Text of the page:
Influence: The Psychology of Persuasion by Robert Cialdini

Reading Time: 3 minutes


A deep dive into what drives people to say “yes.” A great book for people interested in getting more out of life. A few of the key lessons include the tendency to reciprocate favors, the power small commitments, and how what you see or experience first influences how you think about what comes next.

Buy this book on Amazon (Highly recommend)

Access My Searchable Collection of 100+ Book Notes

Key Takeaways

The power of “because”

When you ask someone for something or make a decision about something, always tell them why. As humans, we are more likely to accept an outcome if we understand why that outcome is happening. So whether you need to say no to someone who has asked you to dinner or cut a line at the airport, let the person know why. For example,  “Can I cut the line because I need to catch my flight to get home to my family?”

Contrast principle

The order in which we see or experience something influences how we perceive that thing and the subsequent things we see or experience. For example, if you are giving a strategy presentation with two potential options, show the least desirable option first. When you do this, the second more desirable option will be perceived as even better because it will be contrasted with the less good option.

This principle also applies to the psychology of purchasing items. For instance, after we make a large purchase, such as that of an automobile, we are more likely to purchase the add-on items that we are offered (e.g., enhanced GPS, better stereo) because those purchases will seem small relative to the big purchase of the automobile.

Rule of reciprocation

The rule of reciprocation goes as follows: When someone gives us something, we feel obligated to give them something back. This drive for reciprocity influences our actions in powerful ways.

For example, if your friend buys you a drink, you feel obligated to repay them. You might buy them a drink, pay for a cab home, or invite them for dinner. Often, you will give them something of greater value than what they gave you.

To fully leverage this principle, you can start with a big request from someone, and once they deny, deliver a smaller request. In contrast to the bigger request, the smaller request will seem much more reasonable, and the person is more likely to accept.

Drive for consistency

As humans, we have an immense drive to be consistent. Consistency is perceived as a positive personality trait that is highly valued in our society. That’s why when we tell someone that we will do something or we create an image of ourselves as someone with specific values, we are very likely to do the thing we said and to be consistent with our values even when that means doing something that we don’t particularly enjoy.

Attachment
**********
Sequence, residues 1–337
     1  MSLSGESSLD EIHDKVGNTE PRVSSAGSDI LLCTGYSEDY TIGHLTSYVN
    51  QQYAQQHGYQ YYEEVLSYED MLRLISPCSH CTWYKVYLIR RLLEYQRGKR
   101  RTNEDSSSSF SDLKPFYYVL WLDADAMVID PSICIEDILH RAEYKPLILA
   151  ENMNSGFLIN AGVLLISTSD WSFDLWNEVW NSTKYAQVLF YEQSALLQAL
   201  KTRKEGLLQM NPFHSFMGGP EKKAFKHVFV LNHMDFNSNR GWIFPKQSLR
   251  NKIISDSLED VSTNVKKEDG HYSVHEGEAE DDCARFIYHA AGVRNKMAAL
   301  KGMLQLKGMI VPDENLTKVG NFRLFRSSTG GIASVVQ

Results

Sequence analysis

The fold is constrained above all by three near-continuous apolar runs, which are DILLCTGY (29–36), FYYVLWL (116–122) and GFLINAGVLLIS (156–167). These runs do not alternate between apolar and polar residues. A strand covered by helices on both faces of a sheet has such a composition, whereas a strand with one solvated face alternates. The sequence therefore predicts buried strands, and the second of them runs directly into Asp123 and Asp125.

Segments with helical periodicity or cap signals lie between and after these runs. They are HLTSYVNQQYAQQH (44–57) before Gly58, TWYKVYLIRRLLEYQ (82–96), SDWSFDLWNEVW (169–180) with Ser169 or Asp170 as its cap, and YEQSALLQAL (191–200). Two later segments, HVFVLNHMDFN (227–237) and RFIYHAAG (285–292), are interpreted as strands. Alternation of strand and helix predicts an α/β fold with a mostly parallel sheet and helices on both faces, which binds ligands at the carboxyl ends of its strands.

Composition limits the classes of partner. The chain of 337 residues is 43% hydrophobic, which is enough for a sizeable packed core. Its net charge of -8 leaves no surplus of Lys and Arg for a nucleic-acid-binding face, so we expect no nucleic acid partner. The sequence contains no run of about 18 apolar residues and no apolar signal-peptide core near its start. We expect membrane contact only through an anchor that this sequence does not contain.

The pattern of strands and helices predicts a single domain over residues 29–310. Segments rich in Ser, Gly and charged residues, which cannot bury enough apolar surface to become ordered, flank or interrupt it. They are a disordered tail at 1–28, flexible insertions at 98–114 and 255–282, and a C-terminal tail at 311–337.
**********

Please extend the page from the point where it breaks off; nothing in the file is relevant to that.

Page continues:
If you’re interested in learning more about our drive for consistency, read Mistakes Were Made, But Not by Me, which is a fascinating deep dive into how this drive influences most of our life.

The power of small commitments

In Chinese POW camps, American soldiers were asked a simple question, “Is America perfect?” Despite their extreme loyalty for America, when posed with this question, it was easy to say and write down one small way in which America was not perfect.

The Chinese then escalated this initial request to having prisoners write essays on how America could be improved and then having the prisoners read these essays, which they recorded. When Americans watched these recordings, it looked as if the American soldiers had turned on their country.

What the American public didn’t realize is that this process of asking small things from the prisoners occurred over months, and it was done with small commitments. Over time, the prisoners said things that they never would have said in the beginning.

Without using any violence, the Chinese military used the power of small commitments to get American soldiers to speak out against their own country.

The principle here is simple: small commitments have the power to lead to much larger ones. So if you want someone to do something, start slow and ask for little. Over time, those little requests may compound and lead to the big outcome you’re seeking.

If you want to discover more great books...

If you want the latest book notes in your inbox...